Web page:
Tamil Nadu can reach 13.8 GW solar by 2027, finds IEEFA


New modelling by IEEFA has found that the southern Indian state of Tamil Nadu (TN) can increase its solar capacity six-fold and double its wind energy capacity by 2027.

In a report, published on February 7, 2018 —“Electricity Transformation in India: A Case Study of Tamil Nadu”—IEEFA sees that the state should reach a cumulative solar capacity of 13.8 GW in less than 10 years.

Providing a crucial reason for the forecast, Tim Buckley, IEEFA’s director of energy finance studies, Australasia said: “The upshot is cheaper electricity for customers and a return to profitability for TANGEDCO (Tamil Nadu Generation and Distribution Corporation).”

“IEEFA bases its forecast on a clear tipping point achieved in 2017: new renewable investments are being underwritten at tariffs of INR 2.43-3.00 ($0.037-0.047)/kWh, below the average tariff paid to NTPC, for thermal power in 2016-17 of INR 3.20 ($0.05)/kWh,” Buckley said.

The report finds that the state already operates the most diversified electricity generation fleet in India, with renewables representing 35% of installed capacity as of March 2017, nuclear 8%, and hydroelectricity 7%. Coal-fired power capacity represents 45% or 13.4 GW.

The report sounds a warning, however, on how TN is building 22.5 GW of expensive coal-fired power plants—almost double the entire existing coal-fired fleet in the state—in spite of the favorable investment advantages and lower tariff costs for wind and solar.

IEEFA noted that the Investments in new coal and nuclear based projects could cause further financial distress to the firms involved.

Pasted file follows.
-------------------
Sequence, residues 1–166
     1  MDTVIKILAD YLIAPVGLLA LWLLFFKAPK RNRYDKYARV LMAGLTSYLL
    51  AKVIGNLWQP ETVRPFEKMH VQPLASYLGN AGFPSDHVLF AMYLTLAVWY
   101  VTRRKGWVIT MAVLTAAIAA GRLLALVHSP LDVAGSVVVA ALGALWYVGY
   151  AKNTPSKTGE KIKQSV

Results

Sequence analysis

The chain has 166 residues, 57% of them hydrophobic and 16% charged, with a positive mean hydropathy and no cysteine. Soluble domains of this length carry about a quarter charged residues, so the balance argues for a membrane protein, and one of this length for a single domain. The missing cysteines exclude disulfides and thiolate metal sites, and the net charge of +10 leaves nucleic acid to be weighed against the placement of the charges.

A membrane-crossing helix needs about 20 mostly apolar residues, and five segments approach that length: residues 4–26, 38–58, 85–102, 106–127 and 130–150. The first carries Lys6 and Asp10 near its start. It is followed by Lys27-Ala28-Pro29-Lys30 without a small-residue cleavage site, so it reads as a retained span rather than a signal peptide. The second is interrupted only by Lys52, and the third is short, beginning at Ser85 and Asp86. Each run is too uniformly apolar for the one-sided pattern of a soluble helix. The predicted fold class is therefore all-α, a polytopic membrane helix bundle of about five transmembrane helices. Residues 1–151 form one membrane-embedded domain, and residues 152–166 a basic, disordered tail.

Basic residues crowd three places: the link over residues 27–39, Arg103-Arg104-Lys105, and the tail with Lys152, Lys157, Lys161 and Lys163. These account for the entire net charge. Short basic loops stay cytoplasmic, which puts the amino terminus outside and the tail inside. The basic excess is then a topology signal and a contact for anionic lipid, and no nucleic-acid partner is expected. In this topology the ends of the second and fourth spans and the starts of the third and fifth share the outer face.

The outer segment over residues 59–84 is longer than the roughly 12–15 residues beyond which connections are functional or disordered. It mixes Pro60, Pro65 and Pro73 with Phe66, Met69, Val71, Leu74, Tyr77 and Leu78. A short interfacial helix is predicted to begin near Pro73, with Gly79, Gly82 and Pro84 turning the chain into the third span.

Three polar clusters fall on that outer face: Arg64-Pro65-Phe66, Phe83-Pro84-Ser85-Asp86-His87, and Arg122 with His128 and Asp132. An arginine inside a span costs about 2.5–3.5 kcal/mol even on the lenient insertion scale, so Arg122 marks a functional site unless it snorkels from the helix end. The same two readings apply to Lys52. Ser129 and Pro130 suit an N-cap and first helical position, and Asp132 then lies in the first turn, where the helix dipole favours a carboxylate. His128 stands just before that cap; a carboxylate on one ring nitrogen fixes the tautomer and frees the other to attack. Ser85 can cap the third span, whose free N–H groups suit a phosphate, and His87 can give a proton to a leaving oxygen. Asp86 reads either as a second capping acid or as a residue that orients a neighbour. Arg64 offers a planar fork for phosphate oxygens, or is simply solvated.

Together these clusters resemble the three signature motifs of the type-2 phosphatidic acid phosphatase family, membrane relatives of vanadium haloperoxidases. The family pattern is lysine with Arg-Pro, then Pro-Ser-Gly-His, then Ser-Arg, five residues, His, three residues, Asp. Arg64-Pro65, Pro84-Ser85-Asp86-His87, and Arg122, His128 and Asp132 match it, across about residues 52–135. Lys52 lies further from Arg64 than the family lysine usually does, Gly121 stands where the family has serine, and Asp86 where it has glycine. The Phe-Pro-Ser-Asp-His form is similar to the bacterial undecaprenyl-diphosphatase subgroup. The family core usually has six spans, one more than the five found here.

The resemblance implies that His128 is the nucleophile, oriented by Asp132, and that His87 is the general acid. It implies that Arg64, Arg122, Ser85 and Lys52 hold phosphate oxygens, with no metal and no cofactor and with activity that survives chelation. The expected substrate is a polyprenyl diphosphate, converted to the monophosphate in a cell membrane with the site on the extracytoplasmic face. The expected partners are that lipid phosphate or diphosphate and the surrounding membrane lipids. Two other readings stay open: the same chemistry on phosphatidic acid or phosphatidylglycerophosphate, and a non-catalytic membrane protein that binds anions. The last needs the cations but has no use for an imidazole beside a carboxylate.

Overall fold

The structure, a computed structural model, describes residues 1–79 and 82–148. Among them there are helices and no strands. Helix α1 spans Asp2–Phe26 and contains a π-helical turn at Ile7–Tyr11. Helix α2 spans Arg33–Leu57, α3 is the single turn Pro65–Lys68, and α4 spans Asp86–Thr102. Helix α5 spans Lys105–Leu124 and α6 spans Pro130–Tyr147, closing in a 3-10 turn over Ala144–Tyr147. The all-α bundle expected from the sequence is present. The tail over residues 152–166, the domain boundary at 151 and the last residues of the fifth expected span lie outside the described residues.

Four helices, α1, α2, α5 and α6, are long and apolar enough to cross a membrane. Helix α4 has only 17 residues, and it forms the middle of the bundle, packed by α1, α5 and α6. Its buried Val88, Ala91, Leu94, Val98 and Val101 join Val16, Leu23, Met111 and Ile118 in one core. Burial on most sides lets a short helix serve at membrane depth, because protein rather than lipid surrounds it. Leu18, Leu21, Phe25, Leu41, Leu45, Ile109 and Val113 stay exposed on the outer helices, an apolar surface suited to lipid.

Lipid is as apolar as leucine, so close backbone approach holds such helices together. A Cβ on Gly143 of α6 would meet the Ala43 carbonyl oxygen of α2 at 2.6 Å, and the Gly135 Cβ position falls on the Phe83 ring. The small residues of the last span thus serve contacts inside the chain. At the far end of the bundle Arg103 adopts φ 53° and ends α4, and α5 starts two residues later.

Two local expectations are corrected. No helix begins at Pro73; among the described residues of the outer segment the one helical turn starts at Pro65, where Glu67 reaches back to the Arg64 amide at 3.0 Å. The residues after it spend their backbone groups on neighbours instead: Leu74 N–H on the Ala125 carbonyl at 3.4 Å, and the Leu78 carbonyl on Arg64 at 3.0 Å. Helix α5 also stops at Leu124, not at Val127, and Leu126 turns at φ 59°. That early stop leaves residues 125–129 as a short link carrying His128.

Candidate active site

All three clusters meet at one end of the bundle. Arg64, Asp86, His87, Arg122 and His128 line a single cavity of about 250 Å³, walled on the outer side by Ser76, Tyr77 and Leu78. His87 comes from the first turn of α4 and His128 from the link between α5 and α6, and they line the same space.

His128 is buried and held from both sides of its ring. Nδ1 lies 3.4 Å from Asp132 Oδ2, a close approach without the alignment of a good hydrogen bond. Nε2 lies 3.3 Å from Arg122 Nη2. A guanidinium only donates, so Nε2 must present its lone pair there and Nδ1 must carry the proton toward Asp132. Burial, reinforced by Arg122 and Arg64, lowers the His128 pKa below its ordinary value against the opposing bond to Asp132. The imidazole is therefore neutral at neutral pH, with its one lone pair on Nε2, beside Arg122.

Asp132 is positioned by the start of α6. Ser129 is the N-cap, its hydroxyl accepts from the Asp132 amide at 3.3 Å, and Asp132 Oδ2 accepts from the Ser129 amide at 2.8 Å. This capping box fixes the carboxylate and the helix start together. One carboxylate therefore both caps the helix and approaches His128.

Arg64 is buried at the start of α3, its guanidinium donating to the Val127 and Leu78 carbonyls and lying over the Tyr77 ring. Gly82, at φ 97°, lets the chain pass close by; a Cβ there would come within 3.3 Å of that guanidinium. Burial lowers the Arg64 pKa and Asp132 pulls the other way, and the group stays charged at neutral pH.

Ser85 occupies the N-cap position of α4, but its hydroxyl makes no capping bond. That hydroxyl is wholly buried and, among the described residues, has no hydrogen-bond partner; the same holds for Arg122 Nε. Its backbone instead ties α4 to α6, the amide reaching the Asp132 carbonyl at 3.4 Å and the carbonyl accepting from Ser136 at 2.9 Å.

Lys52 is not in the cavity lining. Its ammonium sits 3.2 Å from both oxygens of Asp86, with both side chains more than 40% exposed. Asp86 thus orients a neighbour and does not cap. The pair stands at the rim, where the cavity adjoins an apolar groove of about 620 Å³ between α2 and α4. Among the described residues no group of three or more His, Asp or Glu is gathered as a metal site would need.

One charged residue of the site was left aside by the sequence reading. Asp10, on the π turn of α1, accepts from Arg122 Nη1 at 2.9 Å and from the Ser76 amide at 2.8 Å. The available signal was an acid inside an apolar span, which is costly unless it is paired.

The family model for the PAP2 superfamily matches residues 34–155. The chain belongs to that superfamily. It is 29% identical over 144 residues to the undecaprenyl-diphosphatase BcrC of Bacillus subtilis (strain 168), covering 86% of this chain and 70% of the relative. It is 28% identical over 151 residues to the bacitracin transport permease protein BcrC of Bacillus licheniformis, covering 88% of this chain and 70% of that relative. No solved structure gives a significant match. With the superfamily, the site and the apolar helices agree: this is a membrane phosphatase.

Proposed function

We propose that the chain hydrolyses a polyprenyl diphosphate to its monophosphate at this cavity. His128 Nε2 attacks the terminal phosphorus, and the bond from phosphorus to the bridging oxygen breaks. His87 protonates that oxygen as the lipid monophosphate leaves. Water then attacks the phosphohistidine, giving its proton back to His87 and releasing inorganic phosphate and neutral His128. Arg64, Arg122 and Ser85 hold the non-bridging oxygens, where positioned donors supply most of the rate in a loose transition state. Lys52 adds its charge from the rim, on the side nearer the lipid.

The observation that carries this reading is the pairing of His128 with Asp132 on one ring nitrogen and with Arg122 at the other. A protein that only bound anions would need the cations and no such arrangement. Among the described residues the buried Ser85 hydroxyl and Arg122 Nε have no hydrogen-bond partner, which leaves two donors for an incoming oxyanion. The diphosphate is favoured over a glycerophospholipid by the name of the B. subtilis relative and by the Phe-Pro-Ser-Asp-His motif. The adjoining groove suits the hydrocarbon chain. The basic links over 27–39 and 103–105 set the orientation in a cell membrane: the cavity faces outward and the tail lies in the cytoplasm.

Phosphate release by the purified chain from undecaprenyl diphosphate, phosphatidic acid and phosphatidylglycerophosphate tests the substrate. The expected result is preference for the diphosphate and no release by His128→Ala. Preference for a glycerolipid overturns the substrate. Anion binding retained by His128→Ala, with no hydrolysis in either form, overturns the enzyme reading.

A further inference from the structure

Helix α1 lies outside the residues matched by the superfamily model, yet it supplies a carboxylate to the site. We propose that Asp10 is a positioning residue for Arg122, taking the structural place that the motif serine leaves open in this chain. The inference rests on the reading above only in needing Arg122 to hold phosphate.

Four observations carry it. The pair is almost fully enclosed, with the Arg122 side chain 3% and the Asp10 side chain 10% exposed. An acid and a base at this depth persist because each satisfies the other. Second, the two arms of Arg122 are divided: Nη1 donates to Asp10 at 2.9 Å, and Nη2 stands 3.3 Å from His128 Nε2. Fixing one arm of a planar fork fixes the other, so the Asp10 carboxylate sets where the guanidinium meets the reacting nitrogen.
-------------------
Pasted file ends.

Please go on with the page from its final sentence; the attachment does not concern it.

The report concludes that TN would be better served by a more diversified electricity-generation mix, which is well within reach if certain sensible policy and investment programs are pursued aggressively. Namely, low-cost solar capital expansions, and a concerted improvement in energy efficiency initiatives combined with a crackdown on reduced transmission and distribution (T&D) losses.

Buckley said, “Such a program would allow TN’s power utility to turn profitable without undue impacts on consumers.”

Further, TANGEDCO reported a staggering loss of INR 139.85 billion ($2.1 billion) in 2013-14. Buckley mentioned that TANGEDCO had suffered heavy and reoccurring losses due to excessive debt, inefficient T&D, high priced power purchase agreements, and underfunded agricultural sector subsidies.

However, subsequent reforms under UDAY (Ujwal DISCOM Assurance Yojana) scheme have helped TANGEDCO not only reduce its losses, to INR 37.83 billion ($582 million) in 2016-17, but lower its deficit on energy availability from 12.3% in 2011-12 to a record low 0.6% in 2015-16. IEEFA finds that the rapid reduction in the cost of solar and wind offers an opportunity for power utilities to turn a profit.

IEEFA expects a break-even result in the next financial year and for TANGEDCO to move to net profit for the first time in two decades.

“TN is uniquely placed to lead in this transformation by ensuring economical, time-bound capacity additions. Other than as replacement of end-of-life coal capacity, the state does not need any new thermal power capacity additions over the next 10 years,” Buckley stated.

He outlined that the additional demand growth is best met with various modern solar and wind technologies.

He stressed: “A relatively radical transformation of TN’s electricity sector is now the economically sensible strategic move. The state can leverage its already leading renewable energy base to drive new investment and employment opportunities in high-tech industries of the future.”

According to Buckley, this would accelerate new electricity exports inter-state generating a much needed, profitable revenue source for TANGEDCO.

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